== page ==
Record keeping and contact tracing

Help protect Aotearoa by encouraging staff and visitors to scan in every time they visit your business.

Record keeping can slow the spread of COVID-19

Record keeping involves collecting the details of all workers, customers, and visitors who visit your workplace or location. If there is a case of COVID-19 in the community, public health officials and contact tracers will use this information to identify people who may have been exposed to COVID-19.

When businesses and event organisers keep records of who was at their workplace or location, it makes contact tracing faster and more efficient.

Good record keeping and fast contact tracing will help stop the spread of COVID-19, and protect our businesses, communities and each other. 

Businesses and locations must have ways for people to record their visit

Many businesses and locations are now required to make sure people can easily keep a record of when they visit. This is a requirement at Red, Orange and Green.

If you are the person in charge of a business, location or event, you legally must:

  • make sure you have safe and secure systems and processes in place so that everyone working on or visiting your premises can scan in or provide their details for contact tracing
  • keep contact tracing records for workers, contractors, customers, and volunteers, no matter how long they are there for
  • keep a record of everyone aged 12 years or over who visits or works at your premises.

You legally must have more than one way for people to record their visit, especially for people who are not able to scan QR codes.

Your system for recording customers and visitors can include: 

  • asking people to scan in using the NZ COVID Tracer app
  • recording your customers' and visitors' details manually
  • providing paper forms for customers and visitors to fill in with their details and place in a collection box 
  • using your existing record-keeping systems, such as swipe-card access or appointment bookings.

You still need to continue displaying your QR code poster even if you are not required to collect customer records.

More information and advice on record keeping | (external link)

Who needs to have a way of recording a visit

Certain businesses and event organisers legally must have a way for customers and visitors to record that they have entered their premises or attended a gathering or event.

You must have ways to record a visit if you are:

  • a cafe, restaurant, bar or nightclub
  • a health service
  • a close-contact personal care service — for example, a hairdresser or beautician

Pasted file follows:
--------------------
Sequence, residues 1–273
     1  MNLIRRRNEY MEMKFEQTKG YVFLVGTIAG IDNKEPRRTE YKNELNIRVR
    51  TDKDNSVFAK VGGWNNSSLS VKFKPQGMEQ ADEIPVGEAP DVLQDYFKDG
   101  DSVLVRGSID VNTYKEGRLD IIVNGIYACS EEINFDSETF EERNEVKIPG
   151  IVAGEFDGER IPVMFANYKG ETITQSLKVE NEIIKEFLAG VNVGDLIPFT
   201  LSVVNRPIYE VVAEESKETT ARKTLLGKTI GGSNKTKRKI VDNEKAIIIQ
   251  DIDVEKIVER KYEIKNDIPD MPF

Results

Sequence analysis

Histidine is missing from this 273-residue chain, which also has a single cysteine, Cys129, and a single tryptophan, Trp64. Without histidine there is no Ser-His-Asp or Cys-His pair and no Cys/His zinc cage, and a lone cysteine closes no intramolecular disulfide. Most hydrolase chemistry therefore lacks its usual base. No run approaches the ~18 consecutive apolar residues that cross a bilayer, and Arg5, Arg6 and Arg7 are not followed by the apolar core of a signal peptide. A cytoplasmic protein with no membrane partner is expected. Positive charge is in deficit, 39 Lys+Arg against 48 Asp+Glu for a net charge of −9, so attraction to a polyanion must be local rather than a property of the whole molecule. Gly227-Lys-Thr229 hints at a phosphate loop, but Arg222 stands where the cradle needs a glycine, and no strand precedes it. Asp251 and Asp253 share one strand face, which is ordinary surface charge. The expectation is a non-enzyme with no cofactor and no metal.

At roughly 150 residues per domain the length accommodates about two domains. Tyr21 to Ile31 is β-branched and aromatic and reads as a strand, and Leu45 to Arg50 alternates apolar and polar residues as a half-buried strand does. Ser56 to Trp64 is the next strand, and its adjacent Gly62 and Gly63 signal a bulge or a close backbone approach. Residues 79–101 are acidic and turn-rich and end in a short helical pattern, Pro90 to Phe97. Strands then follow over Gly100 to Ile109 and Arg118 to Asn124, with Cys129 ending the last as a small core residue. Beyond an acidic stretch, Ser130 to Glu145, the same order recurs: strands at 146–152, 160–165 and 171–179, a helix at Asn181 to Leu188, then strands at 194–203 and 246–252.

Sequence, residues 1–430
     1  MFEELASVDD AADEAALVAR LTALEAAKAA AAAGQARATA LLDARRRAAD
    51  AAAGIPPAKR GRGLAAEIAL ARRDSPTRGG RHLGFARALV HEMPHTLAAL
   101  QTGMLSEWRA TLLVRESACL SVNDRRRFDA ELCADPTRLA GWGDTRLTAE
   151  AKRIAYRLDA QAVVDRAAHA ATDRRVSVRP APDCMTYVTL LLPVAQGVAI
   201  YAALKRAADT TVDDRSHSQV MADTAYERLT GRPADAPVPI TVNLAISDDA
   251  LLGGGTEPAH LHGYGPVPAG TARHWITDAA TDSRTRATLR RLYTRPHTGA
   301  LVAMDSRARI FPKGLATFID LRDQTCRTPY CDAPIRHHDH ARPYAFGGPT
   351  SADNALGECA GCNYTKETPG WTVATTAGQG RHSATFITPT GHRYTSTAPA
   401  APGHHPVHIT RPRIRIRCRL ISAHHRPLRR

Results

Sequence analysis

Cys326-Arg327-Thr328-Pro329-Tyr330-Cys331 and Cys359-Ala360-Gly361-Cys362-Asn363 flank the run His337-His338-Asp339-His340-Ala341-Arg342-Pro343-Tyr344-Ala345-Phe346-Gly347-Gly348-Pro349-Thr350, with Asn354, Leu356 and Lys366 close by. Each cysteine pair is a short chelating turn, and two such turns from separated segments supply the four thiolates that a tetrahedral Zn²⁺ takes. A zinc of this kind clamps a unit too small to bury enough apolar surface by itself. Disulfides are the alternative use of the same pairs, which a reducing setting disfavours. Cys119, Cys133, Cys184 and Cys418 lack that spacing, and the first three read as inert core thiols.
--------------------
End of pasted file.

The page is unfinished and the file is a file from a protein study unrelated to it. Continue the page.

• an indoor exercise facility — for example a gym or swimming pool
  • an entertainment venue — for example a cinema, stadium, theatre or casino
  • an indoor public facility where people gather — museums or libraries
  • a court or tribunal
  • a social services provider with customer service counters — such as a Ministry of Social Development office
  • organising a wedding, funeral, tangihanga or faith-based service
  • organising a concert
  • having a gathering or hui at a marae.

Record keeping at events

At an event, for example a wedding or tangihanga, either the venue owner or operator, or the organiser/hirer of the venue can be the person who is responsible for making sure there are ways for people to record their visit.

If your business is not on this list

We still encourage you to keep contact tracing records and promote the use of the NZ COVID Tracer app.

Information about the NZ COVID Tracer app

Protect the contact records you collect

Contact records are personal information. They need to be collected, used, stored, disclosed, and disposed of safely and securely in accordance with the Privacy Act 2020. 

The most secure way for customers and visitors to record their details is by scanning the NZ COVID Tracer app.

If people cannot use the NZ COVID Tracer app, you need to make sure that any alternative method you use for contact tracing protects people’s privacy, and that you only use the information they provide for contact tracing purposes.

Alternative recording systems require more care to keep them safe and secure.

Do not leave paper-based records out in the open where others can see the information. This is the leading cause of COVID-19-related privacy breaches.

The Office of the Privacy Commissioner's website has practical guidance that will help you protect people's privacy when using alternative contact recording methods. 

Use a simple privacy statement alongside your alternative record keeping system to let people know why the information is needed and how long you need it for. 

Guidance on mandatory record keeping for contact tracing | (external link)

Make it easy for yourself and others

There are several ways you can make record keeping easier for you and your workers, customers and visitors. 

If someone refuses to or is unable to scan in

If someone refuses to or is unable to scan in, you are not expected to force someone to provide their details, or to refuse them entry.

Remember, some people may have their own way of keeping track of where they have been.

It is up to you to decide what is appropriate for your premises and the wellbeing of your staff and other customers.

Resources for your business

Download and print record keeping slips, stickers and a box template. You can also print posters to remind staff, customers and visitors to scan in.



If you do not keep records

If you do not follow these record keeping requirements, you will be fined an infringement fee of $300 or a court-imposed fine of up to $1,000.

Failing to display a QR code will continue to be an infringement offence carrying an infringement fee of $300 or court imposed fine of up to $1,000.

Last updated: at